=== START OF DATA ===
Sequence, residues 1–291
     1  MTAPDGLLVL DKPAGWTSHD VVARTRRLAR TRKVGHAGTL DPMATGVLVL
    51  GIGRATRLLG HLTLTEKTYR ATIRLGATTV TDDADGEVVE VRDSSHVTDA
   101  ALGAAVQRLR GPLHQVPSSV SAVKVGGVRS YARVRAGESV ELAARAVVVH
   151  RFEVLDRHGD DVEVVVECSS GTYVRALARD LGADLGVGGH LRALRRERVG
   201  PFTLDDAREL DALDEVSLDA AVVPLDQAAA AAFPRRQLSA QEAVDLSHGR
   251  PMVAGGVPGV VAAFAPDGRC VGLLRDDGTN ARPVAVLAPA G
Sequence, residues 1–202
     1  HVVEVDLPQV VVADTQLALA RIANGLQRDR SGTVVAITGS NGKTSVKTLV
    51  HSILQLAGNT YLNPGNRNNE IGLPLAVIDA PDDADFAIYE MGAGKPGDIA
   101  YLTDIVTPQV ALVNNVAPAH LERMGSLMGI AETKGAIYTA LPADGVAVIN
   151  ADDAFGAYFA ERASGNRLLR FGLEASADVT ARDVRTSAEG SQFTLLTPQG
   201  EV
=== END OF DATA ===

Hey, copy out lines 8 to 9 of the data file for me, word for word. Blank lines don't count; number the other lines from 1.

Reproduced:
Sequence, residues 1–202
     1  HVVEVDLPQV VVADTQLALA RIANGLQRDR SGTVVAITGS NGKTSVKTLV